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Silk Tie Easter Eggs

Submitted by: akalauni on April 22, 2011
0 votes, average: 0.00 out of 50 votes, average: 0.00 out of 50 votes, average: 0.00 out of 50 votes, average: 0.00 out of 50 votes, average: 0.00 out of 5
Silk Tie Easter Eggs

No tablets, no food colors, no cups, no drips, no stained fingers or clothes, no spilling—I could go on and on. But seriously, the best part about this method is that everything you need is right in your kitchen and closet…or worst case—the thrift store.

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Difficulty: Easy

Servings: as many as you'd like

Cook Time: 20-25 min  


  1. Eggs
  2. Silk ties–look for a tiny tag at the small end of the tie. It needs to say 100% silk. Seriously, this doesn’t have to cost a mint. We picked all these up at the local thrift store–for just a few bucks. The thinner the fabric the better the transfer. If you’re raiding the closet, please be sure to get your man’s permission before you start cutting things up.
  3. An old, white T-shirt–cut it into squares big enough to wrap around the eggs
  4. String
  5. 3 Tablespoons of white vinegar
  6. Pot of water
  7. Vegetable oil


Cut open the tie at the back and take out the facing fabric. All you will be working with is the actual colored silk.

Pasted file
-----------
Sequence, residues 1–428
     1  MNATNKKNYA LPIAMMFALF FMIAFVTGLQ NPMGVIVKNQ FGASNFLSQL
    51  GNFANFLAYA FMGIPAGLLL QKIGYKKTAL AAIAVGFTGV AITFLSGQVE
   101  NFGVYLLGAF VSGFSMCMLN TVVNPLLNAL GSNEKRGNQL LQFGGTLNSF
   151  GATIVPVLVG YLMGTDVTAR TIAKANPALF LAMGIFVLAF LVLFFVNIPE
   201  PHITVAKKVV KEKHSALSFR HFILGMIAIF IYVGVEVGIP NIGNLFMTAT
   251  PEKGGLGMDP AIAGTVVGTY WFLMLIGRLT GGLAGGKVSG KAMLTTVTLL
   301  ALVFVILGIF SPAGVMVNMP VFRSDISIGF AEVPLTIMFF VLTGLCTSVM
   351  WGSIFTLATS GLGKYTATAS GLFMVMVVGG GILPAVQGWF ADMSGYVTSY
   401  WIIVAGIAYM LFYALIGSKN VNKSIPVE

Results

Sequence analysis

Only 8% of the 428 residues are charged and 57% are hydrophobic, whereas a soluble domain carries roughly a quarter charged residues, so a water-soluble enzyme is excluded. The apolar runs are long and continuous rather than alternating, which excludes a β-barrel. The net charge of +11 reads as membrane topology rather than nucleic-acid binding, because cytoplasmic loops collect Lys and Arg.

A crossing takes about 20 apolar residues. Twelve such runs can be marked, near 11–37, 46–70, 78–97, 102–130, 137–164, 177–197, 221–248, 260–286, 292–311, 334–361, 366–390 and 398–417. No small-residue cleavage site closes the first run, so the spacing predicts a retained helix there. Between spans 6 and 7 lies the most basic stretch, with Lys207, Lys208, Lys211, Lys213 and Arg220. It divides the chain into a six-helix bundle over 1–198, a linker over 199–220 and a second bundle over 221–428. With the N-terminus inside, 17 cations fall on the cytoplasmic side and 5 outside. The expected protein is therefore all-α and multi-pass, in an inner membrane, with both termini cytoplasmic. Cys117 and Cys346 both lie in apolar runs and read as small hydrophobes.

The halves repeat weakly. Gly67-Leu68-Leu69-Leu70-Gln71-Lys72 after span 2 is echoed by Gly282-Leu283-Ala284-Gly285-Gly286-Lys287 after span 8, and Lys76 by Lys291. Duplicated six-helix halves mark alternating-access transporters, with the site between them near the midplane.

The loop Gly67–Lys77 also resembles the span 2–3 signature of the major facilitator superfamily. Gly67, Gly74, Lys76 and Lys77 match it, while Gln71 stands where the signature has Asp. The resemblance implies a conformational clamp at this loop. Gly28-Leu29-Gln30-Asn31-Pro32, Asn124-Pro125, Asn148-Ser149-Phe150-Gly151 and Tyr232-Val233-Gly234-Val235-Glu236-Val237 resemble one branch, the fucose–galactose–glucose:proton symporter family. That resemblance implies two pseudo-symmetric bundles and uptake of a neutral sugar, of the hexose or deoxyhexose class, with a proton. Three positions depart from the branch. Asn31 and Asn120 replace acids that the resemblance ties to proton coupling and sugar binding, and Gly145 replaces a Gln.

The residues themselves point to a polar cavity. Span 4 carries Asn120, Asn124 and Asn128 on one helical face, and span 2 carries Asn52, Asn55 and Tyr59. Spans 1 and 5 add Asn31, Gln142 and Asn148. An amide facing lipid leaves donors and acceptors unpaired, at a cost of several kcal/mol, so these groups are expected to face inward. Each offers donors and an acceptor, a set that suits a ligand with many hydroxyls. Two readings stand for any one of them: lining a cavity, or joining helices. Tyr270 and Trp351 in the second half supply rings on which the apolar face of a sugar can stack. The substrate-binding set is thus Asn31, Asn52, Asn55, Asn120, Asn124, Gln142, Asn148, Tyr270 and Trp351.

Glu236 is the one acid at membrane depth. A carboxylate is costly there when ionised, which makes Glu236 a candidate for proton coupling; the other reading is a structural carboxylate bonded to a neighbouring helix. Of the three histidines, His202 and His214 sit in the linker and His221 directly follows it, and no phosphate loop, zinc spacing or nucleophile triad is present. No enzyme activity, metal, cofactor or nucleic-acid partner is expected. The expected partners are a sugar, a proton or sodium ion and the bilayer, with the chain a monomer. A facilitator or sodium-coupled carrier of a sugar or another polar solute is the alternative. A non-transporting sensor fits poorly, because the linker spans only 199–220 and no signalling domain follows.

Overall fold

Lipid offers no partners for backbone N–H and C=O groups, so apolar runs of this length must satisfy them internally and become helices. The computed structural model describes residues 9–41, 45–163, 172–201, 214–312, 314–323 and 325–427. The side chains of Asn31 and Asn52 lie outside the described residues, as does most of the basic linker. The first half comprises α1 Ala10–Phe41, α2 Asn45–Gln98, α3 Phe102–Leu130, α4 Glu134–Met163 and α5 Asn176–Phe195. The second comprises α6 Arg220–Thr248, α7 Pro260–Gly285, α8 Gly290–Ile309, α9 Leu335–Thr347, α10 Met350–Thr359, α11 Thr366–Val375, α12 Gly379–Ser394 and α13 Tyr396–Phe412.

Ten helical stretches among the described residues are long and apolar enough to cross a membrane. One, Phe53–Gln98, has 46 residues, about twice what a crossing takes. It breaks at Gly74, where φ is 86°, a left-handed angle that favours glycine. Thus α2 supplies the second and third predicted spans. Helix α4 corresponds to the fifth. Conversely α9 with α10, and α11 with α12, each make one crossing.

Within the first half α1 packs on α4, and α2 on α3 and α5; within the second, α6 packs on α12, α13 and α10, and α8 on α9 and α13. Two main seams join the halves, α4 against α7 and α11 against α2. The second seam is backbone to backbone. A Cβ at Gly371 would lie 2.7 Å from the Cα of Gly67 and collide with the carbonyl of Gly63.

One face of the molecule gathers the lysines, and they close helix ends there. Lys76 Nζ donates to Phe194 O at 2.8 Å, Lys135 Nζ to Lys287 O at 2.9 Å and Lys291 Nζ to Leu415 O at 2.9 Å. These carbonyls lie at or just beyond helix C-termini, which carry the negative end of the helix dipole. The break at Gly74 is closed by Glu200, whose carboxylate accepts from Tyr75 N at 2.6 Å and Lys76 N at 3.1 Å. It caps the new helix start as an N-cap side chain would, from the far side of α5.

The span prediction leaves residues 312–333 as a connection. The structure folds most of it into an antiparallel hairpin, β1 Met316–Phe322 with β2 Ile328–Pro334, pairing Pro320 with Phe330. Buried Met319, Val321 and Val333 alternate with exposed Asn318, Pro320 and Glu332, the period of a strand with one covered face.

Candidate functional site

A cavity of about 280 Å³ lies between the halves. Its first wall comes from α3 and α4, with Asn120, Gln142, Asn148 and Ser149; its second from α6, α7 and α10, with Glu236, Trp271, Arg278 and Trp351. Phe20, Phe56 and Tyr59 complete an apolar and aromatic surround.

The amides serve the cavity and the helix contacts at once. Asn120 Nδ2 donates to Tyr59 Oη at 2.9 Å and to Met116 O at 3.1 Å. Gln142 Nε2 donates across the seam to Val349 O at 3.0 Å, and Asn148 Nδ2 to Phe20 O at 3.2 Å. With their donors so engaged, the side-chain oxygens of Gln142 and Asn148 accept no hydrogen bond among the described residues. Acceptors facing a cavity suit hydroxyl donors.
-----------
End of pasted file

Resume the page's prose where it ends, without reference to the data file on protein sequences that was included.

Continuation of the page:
Cut the silk into pieces big enough to cover the egg.

Wrap it around your egg. Don’t get too nutty about this step, just do the best you can.

Now, roll the egg up with the T-shirt fabric.

Set the wrapped eggs in a pan of cold water with the vinegar mixed in. Make sure the water completely covers the eggs.

Boil for 20-25 minutes.

Remove the eggs and allow them to completely cool.

Now the fun part—unwrapping the eggs to see what you’ve got!

Rub a tiny bit of vegetable on your masterpieces and see how pretty they look. Even the subtle ones are beautiful.

Categories: Appetizers & Snacks, Holiday, Kid-Friendly, Presentation, Tips & Tricks


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  1. 4-23

    I LOVE this technique. We just did them today and they turned out exactly as described and are really beautiful.

  2. 2-2

    This is a great idea and one I plan to try once Valentines Day has passed! While this is the first time I have seen the silk tie idea, I have seen a similar “technique” that may be of service here. The one I saw used small pieces of ferns and the wrap of choice was panty hose or knee highs. They knotted one end of the hose and placed the egg inside, then cut the hose leaving enough excess to wrap suggly around the egg and tie off after placing the small bits of ferns, daisy petals etc. inside. They then rubberbanded the hose tightly to the eggs and dyed them pastel blues and greens. Also very lovely. I am thinking the panty hose might help secure the ties with needing the string and T-shirt squares, or if it’s a case of the dyes bleeding, then using the hose instead of string. Just a thought. I will find out because I intend to try this for sure.
    : )

  3. 4-6

    I am planning on doing this with my grandchildren this year and have already made the trip to the Thrift Stores. Not as cheap as I had hoped but I am committed. Just wanted to day that I read a blog online that states that they are not good to eat as the silk dyes are not food grade dyes so best to blow out the eggs before dying (and enjoy some scrambled eggs or baking. this woman had called several official sources to get their opinion and they all pretty much said you should not eat them after dying this way. Happy Easter.

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